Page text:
[Eds. Note - this article originally appeared in the web magazine in Dec. 2015. Because of its significance to today's readers (particularly those attending the NCDA Global Career Development Conference), we are re-running it now.]
Homelessness is a unique circumstance that affects students across the school system. Although, homelessness is often thought of as only those individuals living in shelters or on the street, the federal definition also encompasses those who are doubled-up with others families, living in hotels or motels, awaiting foster care placement, living in public spaces, or staying in other accommodations that are not suitable for humans (United States Department of Education, 2004). Students without permanent housing face needs that students with consistent housing may not, particularly when it comes to their education (Havlik, Brady, & Gavin, 2014).
It is difficult enough to be a child or adolescent going through normal developmental changes while trying to keep up with classes, but adding the complication of homelessness creates barriers to achieving educational success. Students experiencing homelessness face heightened stress due to their homeless circumstances. This may present as behavioral or emotional concerns in schools. Due to their transience, students may also find it difficult to make friends or build relationships with teachers and other school professionals. Additionally, students’ frequent moves between schools can also make it challenging to keep up with coursework, or ensure they are placed in the appropriate courses.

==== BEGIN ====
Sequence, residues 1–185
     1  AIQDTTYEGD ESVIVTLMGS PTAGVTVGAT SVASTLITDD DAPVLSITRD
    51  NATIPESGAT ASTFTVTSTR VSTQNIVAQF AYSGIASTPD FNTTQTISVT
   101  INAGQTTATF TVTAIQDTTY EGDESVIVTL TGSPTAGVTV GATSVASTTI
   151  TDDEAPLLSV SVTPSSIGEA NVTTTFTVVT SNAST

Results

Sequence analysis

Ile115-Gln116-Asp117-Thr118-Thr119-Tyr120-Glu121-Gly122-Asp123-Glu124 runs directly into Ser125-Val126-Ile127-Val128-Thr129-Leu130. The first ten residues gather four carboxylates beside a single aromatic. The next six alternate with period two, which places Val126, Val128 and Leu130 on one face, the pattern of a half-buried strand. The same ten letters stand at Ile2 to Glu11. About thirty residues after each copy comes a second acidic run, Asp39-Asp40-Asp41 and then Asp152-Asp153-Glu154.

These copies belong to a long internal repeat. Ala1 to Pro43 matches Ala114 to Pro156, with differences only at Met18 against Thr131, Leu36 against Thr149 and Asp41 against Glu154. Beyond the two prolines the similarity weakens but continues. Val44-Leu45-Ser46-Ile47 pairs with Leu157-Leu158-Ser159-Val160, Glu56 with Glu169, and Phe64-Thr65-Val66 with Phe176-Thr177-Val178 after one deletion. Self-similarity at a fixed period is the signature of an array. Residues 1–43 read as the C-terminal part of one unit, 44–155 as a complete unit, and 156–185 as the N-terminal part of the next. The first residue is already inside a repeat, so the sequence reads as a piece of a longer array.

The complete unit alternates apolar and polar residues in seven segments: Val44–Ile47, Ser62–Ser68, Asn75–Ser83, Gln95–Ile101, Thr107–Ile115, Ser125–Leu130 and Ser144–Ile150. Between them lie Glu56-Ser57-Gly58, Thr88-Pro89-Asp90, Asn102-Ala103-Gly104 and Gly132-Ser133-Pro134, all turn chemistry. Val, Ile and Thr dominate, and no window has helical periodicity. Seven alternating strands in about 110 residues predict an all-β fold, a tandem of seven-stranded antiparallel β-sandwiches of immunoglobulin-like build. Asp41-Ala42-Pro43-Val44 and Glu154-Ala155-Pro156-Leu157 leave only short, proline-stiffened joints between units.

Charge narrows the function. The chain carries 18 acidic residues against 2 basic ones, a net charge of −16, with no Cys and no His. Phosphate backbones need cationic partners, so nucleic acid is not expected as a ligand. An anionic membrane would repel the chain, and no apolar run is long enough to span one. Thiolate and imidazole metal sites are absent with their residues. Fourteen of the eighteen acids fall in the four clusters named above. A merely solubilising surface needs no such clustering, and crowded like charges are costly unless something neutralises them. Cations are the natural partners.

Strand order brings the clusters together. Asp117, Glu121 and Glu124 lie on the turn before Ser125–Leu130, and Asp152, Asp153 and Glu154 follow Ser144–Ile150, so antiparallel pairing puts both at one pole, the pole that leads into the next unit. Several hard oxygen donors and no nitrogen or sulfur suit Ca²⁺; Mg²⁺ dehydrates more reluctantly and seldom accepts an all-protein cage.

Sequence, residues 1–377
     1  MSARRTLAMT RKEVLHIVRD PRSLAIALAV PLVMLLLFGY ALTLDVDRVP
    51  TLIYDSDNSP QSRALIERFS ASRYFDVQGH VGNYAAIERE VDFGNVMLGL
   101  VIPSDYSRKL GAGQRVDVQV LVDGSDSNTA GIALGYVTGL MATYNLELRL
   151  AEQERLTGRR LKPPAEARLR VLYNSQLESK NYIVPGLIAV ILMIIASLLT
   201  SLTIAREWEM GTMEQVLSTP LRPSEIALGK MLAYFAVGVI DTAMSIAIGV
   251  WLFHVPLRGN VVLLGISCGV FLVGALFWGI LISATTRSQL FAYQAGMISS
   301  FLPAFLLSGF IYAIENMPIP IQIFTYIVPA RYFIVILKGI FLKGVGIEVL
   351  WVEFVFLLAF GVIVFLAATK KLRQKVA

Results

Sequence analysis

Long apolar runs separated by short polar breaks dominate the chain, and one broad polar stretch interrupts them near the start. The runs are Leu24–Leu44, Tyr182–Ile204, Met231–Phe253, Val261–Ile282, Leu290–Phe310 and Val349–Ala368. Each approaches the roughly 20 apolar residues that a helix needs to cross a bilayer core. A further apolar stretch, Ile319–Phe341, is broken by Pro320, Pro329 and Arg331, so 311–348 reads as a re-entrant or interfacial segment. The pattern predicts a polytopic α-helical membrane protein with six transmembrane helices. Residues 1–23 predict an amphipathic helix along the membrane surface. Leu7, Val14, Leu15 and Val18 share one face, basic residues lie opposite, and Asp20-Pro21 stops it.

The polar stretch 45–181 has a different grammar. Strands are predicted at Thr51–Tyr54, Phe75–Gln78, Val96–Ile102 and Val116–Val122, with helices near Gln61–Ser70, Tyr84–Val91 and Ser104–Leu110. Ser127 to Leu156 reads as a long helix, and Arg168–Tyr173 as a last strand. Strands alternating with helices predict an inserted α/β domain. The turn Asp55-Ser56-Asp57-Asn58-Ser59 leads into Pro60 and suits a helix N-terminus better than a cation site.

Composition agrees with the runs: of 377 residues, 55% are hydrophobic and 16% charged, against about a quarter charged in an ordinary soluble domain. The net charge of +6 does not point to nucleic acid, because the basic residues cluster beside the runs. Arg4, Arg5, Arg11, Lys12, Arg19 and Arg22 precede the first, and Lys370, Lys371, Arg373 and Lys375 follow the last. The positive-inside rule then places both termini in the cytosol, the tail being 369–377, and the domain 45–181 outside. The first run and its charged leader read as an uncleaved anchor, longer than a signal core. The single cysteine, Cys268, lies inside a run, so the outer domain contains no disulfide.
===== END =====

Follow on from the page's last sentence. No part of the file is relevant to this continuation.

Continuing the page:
Unfortunately, the number of families experiencing homelessness in cities across the country is growing (United States Conference of Mayors, 2013). This means that school counselors and other educators are called upon to support students who are facing a loss of housing in obtaining educational success. Due to the unique challenges they face, students experiencing homelessness may need additional support to help them achieve the ultimate goal of post-secondary success.
College and Career Readiness Related to Homelessness
Considering the importance of college and career readiness (Anctil, Smith, Schenck, & Dahir, 2012), school counselors must identify how to incorporate career counseling to equip students who are experiencing homelessness with the tools they need to be successful (ASCA, 2012). Addressing career preparation with students experiencing homelessness may be different than the process with students who have consistent housing. This includes providing information about post-secondary options, informing students and their families about pathways to achieve their college and career goals, and offering support and guidance as students seek to identify and achieve their career aspirations.